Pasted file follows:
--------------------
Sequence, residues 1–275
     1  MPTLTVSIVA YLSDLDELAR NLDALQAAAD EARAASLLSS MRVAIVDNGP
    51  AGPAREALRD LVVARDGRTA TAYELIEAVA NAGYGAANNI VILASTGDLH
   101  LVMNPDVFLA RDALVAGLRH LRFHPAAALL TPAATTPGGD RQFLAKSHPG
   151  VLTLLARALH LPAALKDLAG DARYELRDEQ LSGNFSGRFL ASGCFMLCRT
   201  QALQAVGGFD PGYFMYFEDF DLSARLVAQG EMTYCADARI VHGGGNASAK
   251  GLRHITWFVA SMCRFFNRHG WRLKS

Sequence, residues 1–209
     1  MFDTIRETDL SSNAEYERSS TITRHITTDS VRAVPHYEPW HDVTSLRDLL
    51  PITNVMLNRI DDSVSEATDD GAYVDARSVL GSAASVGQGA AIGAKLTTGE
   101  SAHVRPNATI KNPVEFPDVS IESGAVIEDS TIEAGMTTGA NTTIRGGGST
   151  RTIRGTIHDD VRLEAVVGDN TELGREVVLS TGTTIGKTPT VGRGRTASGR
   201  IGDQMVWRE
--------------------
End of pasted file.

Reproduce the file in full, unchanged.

Sequence, residues 1–275
     1  MPTLTVSIVA YLSDLDELAR NLDALQAAAD EARAASLLSS MRVAIVDNGP
    51  AGPAREALRD LVVARDGRTA TAYELIEAVA NAGYGAANNI VILASTGDLH
   101  LVMNPDVFLA RDALVAGLRH LRFHPAAALL TPAATTPGGD RQFLAKSHPG
   151  VLTLLARALH LPAALKDLAG DARYELRDEQ LSGNFSGRFL ASGCFMLCRT
   201  QALQAVGGFD PGYFMYFEDF DLSARLVAQG EMTYCADARI VHGGGNASAK
   251  GLRHITWFVA SMCRFFNRHG WRLKS

Sequence, residues 1–209
     1  MFDTIRETDL SSNAEYERSS TITRHITTDS VRAVPHYEPW HDVTSLRDLL
    51  PITNVMLNRI DDSVSEATDD GAYVDARSVL GSAASVGQGA AIGAKLTTGE
   101  SAHVRPNATI KNPVEFPDVS IESGAVIEDS TIEAGMTTGA NTTIRGGGST
   151  RTIRGTIHDD VRLEAVVGDN TELGREVVLS TGTTIGKTPT VGRGRTASGR
   201  IGDQMVWRE